Analysts make such a big deal about playoff seeding, but in recent seasons, seeding has done little to help determine who wins the Super Bowl. In fact, the past three Super Bowl champions played on Wild Card weekend, casting some doubt on how much seeding really matters in January.
Last year, the Baltimore Ravens limped into the playoffs and were expected to be one-and-done. However, Joe Flacco caught fire and the Ravens stunned the Denver Broncos in the AFC Divisional Round. Eventually, a red-hot Baltimore franchise held off a rapid comeback by the San Francisco 49ers to reclaim the Lombardi Trophy. The New York Giants and Green Bay Packers won the previous two Super Bowls after playing on Wild Card weekend as well. In the past, having a week off and then playing at home meant a near-lock for top seeds to reach at least the conference title game, but recent trends show gaining home field advantage means little in terms of crowning a champion.
However, for a team like the Seattle Seahawks that plays in one of the toughest environments in the National Football League, earning the top seed in the NFC can't be undervalued. Opponents cringe at the idea of playing at CenturyLink Field in front of the vaunted "12th Man," which has set two world records this season and will bring the noise to another level in postseason play. Up until the Arizona Cardinals 17-10 upset victory in Week 16, the Seahawks hadn't lost at home in nearly two full seasons, and winning a playoff game at the 'Link will be that much more challenging.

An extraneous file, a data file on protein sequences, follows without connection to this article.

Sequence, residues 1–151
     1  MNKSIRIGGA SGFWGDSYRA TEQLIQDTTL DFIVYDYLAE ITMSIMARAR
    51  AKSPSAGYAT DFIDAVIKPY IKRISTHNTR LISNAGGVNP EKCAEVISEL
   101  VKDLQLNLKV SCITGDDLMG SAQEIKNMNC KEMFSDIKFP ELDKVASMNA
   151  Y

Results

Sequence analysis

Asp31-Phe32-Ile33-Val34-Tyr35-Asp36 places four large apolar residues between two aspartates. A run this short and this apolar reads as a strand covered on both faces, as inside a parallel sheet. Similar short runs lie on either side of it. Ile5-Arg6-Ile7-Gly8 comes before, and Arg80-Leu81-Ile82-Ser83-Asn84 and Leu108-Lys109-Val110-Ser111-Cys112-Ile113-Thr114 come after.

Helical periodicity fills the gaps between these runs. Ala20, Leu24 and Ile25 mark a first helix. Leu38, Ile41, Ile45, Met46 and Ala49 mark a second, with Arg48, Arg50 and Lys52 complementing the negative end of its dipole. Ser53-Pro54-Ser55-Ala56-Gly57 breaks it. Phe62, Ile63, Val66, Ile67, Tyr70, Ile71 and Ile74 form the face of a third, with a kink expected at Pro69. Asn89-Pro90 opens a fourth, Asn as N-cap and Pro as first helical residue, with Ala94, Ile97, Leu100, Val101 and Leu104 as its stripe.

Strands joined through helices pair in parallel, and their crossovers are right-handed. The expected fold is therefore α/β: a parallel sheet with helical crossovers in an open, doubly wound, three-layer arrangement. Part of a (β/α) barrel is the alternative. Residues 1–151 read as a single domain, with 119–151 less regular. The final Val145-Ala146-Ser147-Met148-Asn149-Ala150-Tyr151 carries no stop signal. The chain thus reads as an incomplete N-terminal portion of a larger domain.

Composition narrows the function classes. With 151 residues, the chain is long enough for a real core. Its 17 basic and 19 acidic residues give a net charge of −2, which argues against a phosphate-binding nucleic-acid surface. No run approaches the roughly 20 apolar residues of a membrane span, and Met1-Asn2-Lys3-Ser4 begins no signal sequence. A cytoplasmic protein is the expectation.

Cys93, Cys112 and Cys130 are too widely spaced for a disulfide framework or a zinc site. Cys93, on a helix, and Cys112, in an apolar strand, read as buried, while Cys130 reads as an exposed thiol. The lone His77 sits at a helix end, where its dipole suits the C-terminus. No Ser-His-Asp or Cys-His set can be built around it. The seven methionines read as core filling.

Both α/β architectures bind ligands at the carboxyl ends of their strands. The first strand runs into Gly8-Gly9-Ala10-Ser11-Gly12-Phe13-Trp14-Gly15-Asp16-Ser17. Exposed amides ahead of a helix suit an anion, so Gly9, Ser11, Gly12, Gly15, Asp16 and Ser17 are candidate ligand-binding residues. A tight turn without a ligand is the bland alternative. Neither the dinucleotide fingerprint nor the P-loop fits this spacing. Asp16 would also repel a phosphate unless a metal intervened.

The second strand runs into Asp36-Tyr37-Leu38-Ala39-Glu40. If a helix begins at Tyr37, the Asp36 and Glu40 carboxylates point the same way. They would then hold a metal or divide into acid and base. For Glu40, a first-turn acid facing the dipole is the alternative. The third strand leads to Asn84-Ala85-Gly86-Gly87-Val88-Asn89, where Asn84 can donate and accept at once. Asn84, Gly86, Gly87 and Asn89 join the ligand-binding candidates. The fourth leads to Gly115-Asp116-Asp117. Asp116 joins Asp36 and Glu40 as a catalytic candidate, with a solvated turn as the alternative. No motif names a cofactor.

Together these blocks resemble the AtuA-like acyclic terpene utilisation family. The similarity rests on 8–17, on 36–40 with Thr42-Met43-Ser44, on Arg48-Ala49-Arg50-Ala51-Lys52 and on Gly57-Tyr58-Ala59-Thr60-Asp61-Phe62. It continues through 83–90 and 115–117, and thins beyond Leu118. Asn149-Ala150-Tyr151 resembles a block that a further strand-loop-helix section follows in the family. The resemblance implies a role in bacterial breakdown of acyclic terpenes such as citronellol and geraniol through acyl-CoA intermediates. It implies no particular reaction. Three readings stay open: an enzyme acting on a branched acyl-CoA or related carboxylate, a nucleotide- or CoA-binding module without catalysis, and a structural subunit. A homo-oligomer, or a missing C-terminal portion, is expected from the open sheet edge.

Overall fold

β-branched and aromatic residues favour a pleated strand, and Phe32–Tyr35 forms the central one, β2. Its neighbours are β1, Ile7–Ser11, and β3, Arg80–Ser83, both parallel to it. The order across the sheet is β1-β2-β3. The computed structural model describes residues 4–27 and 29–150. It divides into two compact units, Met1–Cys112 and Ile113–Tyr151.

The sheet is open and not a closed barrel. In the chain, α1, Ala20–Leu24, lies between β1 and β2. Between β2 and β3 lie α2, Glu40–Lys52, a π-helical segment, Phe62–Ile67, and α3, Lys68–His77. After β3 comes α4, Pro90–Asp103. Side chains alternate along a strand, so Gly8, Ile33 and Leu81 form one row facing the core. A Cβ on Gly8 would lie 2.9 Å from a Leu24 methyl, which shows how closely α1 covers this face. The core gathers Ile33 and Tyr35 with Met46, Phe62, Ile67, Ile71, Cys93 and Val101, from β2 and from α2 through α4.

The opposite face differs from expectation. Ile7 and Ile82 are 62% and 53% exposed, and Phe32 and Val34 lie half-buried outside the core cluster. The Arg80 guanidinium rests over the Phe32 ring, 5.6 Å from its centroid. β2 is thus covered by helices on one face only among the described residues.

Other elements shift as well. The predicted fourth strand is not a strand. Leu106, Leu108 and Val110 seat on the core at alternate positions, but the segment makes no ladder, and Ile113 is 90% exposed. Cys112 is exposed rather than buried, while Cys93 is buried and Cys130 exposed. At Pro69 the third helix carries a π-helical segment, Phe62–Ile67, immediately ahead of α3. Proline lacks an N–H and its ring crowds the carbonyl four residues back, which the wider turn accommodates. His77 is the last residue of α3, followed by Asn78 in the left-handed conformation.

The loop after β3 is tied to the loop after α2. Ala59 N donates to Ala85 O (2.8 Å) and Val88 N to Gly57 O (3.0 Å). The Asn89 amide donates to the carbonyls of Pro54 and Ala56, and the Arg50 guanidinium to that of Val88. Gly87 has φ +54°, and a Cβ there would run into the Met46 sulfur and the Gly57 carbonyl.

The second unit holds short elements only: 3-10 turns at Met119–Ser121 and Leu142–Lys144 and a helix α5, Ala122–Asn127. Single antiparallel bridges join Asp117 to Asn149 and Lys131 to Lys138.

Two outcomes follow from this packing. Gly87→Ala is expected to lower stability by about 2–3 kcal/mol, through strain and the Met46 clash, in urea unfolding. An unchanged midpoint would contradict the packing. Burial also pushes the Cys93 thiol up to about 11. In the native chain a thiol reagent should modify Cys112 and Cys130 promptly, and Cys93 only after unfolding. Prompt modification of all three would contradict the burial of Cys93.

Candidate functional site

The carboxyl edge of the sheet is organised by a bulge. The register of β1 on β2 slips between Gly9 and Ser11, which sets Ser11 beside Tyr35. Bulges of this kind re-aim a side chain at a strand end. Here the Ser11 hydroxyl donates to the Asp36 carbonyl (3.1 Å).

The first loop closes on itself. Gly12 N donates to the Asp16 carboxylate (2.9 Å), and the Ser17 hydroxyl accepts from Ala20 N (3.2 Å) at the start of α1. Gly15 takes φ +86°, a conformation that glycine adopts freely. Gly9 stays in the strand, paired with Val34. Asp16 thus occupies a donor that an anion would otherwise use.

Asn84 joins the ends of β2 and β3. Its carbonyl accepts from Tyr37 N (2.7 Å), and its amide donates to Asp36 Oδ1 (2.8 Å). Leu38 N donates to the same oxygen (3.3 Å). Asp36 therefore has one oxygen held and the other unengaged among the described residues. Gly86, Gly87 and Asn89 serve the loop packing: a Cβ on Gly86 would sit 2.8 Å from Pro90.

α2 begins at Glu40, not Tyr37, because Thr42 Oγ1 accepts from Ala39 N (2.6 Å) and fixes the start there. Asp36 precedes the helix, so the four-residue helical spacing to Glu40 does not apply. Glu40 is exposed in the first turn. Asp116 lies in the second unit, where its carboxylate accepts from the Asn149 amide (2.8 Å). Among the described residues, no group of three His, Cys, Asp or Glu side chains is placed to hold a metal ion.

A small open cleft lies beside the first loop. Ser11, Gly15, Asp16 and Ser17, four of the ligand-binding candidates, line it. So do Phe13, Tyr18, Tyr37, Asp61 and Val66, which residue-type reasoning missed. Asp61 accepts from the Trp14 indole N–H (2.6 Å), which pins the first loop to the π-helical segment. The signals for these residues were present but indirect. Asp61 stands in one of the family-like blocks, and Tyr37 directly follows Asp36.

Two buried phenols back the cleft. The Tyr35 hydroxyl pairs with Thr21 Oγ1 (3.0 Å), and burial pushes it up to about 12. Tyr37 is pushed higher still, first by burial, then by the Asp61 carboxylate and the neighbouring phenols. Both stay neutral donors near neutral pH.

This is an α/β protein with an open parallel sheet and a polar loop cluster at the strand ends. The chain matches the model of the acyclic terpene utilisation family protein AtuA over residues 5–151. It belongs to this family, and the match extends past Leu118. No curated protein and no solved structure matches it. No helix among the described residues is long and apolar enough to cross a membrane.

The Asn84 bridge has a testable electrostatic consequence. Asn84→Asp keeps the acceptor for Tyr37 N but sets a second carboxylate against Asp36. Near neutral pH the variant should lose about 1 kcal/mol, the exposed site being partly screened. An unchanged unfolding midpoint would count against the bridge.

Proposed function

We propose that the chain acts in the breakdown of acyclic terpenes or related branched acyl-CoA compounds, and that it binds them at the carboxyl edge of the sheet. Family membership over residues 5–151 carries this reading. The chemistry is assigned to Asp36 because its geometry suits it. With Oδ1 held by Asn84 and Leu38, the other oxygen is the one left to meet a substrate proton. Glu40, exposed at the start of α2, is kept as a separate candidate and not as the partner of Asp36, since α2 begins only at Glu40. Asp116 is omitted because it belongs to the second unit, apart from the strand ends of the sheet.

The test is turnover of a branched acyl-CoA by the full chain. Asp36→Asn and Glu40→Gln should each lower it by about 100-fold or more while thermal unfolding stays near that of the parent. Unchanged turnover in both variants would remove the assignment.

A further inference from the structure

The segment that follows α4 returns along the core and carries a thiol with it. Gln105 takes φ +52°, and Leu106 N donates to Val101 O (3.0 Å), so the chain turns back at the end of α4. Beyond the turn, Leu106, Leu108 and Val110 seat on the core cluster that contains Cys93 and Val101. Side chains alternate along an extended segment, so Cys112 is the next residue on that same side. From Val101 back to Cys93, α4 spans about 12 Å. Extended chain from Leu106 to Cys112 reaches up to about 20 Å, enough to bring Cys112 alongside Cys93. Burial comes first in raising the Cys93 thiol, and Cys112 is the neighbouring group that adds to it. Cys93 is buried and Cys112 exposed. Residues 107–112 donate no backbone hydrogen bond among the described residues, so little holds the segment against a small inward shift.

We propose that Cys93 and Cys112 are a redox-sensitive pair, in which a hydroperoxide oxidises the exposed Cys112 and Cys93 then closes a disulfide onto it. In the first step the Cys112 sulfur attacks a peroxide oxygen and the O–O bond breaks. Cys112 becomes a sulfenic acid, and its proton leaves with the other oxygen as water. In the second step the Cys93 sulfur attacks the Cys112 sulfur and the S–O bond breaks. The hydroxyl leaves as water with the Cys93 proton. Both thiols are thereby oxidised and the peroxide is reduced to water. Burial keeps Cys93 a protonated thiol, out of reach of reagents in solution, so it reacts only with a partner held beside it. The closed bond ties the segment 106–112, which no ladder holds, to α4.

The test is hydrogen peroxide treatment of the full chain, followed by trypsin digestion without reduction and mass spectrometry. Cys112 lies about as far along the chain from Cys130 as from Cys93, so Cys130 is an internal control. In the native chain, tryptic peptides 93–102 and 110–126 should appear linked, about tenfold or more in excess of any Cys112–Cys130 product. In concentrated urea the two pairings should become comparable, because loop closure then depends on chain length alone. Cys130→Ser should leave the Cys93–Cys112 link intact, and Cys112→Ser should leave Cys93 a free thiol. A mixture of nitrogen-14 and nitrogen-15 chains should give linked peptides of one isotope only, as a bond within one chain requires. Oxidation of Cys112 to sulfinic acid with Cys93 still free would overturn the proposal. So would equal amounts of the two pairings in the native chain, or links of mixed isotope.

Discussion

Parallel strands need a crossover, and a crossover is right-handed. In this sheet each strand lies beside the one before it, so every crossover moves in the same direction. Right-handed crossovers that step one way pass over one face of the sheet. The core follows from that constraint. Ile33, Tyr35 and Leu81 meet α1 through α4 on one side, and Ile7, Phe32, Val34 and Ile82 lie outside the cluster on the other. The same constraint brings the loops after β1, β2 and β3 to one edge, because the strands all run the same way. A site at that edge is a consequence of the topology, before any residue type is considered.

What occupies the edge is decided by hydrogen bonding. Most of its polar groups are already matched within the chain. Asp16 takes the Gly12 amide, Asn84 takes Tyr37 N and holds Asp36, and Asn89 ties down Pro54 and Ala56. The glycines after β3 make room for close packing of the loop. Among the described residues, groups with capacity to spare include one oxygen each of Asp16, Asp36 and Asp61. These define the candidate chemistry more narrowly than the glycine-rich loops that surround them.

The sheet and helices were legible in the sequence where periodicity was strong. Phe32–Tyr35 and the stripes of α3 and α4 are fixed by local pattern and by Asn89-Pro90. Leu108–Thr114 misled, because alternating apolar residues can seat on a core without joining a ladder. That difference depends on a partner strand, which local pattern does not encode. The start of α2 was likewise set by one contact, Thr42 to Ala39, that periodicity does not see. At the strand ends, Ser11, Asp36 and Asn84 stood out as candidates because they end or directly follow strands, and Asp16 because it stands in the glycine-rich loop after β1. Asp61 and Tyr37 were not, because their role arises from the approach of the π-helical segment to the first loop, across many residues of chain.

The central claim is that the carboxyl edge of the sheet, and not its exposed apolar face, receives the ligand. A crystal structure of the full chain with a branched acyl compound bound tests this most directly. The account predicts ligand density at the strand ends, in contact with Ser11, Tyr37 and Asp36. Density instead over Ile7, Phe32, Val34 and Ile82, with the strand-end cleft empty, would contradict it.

If the Seahawks had rested most of their starters in Week 17, concern about rustiness in the Divisional Round would make sense. But Pete Carroll and his staff were relieved that Seattle played a meaningful game to close out the season, and this week off should only be beneficial to the team. Several key players got banged up against the St. Louis Rams last Sunday, and the extra time should allow these players to return next weekend. The Seahawks also could have receiver Percy Harvin back, a surprising revelation considering that Carroll hinted two weeks ago that he could end up on season-ending Injured Reserve.
Without a game this weekend and no idea who they will be playing in the Divisional Round, I decided to examine the three potential opponents Seattle could face next week. All three teams have flaws, but each presents different challenges that could cause problems for the Seahawks. All three teams also have capable quarterbacks, especially with Aaron Rodgers back from a collarbone injury for the Green Bay Packers. It'll be interesting to see how the NFC Wild Card games shake out this weekend, and the Seahawks have to be prepared to face any of these three teams. It's the playoffs, and anything can happen, as the Ravens showed last season.
None of these three teams would be an easy out, but football is a game of match-ups, so which team would be the best draw for the Seahawks? I examined game film and statistics for each of the three teams that could travel to Seattle next weekend and looked at advantages/disadvantages the Seahawks would have against them to determine which team would be the most ideal opponent.